·
Premium Member
Joined
·
30,190 Posts
I don't see this ever happening.

Oil prices alone will not make Americans move back to the cities. There are other percieved factors that will keep Americans out, like bad schools, crime...etc. We will probably see people just cutting back on other excesses. People will probably take more trains and buses, but there won't be a mass migration back to the cities.

It's too intergrated in the American lifestyle...
 

·
Registered
Joined
·
349 Posts
sargeantcm said:
Probably, but it's not going to happen overnight. It may even take 10-20 years at this rate just to get a solid trend going. Besides which, I think there was a general swing back towards city living by both the young & old beginning already anyways.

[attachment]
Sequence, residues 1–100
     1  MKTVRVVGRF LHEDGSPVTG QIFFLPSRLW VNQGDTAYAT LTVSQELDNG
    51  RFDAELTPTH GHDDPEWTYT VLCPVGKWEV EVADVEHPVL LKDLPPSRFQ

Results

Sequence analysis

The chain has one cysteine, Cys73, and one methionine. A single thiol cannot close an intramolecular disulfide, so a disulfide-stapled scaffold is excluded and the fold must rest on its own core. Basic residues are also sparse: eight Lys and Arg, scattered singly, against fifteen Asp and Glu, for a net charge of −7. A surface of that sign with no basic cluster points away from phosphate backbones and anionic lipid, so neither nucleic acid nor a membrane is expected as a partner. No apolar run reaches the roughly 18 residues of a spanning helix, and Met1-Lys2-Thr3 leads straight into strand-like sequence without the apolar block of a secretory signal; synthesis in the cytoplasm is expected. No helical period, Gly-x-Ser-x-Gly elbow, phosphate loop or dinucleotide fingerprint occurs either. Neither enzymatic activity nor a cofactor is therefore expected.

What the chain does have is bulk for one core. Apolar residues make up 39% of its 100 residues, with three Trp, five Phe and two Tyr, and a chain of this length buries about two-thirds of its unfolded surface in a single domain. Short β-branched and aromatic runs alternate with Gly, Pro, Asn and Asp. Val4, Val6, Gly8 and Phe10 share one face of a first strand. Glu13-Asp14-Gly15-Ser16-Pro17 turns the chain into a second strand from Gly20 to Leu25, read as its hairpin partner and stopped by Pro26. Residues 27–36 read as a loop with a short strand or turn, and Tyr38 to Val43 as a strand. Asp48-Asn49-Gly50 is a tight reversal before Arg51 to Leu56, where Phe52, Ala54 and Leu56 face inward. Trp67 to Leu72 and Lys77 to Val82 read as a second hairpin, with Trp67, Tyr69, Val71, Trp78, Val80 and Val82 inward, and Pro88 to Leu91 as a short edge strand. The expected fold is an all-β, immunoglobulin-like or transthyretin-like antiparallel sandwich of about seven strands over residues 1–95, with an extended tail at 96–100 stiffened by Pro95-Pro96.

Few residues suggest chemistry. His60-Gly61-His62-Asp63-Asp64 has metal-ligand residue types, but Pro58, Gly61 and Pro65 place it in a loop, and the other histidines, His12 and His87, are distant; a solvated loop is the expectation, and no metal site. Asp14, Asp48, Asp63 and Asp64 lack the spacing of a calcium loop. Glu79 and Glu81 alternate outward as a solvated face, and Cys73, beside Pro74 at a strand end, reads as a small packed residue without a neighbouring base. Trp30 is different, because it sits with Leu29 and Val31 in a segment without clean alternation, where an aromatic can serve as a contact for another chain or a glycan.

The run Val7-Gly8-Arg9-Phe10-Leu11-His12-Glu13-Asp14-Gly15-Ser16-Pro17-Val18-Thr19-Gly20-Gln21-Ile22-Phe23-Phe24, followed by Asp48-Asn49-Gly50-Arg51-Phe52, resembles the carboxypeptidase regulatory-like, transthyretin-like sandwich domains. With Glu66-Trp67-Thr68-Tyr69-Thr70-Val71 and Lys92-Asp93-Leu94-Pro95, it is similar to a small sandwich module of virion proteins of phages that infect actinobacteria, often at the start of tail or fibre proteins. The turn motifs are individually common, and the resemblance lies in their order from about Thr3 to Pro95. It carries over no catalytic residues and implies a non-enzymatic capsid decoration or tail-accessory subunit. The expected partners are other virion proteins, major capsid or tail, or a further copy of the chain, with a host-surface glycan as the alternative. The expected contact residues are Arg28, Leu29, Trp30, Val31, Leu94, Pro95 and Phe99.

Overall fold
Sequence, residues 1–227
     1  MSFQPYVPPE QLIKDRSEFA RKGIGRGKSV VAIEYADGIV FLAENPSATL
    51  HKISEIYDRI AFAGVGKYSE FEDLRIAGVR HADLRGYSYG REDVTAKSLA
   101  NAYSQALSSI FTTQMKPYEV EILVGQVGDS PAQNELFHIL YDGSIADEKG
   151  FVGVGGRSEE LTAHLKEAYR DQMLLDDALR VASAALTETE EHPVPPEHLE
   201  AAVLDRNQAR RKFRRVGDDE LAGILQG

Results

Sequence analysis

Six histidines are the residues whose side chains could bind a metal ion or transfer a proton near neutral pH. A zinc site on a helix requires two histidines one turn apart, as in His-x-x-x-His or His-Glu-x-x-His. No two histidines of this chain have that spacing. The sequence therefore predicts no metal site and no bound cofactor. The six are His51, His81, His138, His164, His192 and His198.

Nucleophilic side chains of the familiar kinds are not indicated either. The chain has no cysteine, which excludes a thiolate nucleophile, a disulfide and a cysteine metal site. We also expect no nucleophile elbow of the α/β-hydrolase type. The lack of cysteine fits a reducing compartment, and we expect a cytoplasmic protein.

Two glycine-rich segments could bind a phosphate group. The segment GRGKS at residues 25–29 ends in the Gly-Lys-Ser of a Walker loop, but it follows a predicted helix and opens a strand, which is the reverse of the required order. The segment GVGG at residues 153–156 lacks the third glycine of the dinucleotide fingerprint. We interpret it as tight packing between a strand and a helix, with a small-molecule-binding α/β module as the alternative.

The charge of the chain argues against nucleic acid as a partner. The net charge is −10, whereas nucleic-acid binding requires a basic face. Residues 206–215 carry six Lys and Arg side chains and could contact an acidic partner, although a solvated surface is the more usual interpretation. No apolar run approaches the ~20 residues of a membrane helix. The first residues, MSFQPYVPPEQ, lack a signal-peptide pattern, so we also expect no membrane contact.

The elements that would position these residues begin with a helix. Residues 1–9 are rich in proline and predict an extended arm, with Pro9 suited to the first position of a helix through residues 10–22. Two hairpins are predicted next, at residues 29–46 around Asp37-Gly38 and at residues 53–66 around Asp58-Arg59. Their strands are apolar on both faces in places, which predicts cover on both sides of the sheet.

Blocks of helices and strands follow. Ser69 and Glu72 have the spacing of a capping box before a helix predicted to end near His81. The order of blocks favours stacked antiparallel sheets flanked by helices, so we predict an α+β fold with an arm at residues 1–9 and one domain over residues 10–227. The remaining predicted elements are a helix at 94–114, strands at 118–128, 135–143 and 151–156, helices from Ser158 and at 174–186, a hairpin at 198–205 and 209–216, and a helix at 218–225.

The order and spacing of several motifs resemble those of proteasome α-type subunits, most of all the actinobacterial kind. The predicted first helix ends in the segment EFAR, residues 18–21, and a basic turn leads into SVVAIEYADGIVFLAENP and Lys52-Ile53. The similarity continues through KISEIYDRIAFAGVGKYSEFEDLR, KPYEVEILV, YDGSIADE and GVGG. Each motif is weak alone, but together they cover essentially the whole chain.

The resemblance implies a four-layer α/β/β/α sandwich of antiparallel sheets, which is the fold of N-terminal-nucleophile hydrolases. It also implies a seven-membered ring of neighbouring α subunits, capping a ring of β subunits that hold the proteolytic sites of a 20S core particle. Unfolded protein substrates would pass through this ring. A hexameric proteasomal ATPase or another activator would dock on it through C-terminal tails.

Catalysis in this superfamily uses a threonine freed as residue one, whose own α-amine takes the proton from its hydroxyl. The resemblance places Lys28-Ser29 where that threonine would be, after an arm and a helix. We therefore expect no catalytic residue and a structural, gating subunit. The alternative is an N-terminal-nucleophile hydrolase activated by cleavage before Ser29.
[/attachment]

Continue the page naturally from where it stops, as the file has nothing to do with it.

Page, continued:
What you said made a lot of sense. This trend of young professionals and empty-nesters moving back into the city started way before these gas prices got out of hand. It started in the mid-to-late '90s. This is a trend that's going on right now, and will probably continue to happen for some time, even if gas prices do go back down to normal levels. Just like the mass exodus to the suburbs in the post-WWII era that lasted into the '80s, people desiring city living is the thing, because of the fact that people (mainly the single young professionals who desire less space and don't want to get married right away) want to be closer to the center of activity, which the 'burbs' definately do not offer.
 
1 - 11 of 11 Posts
Top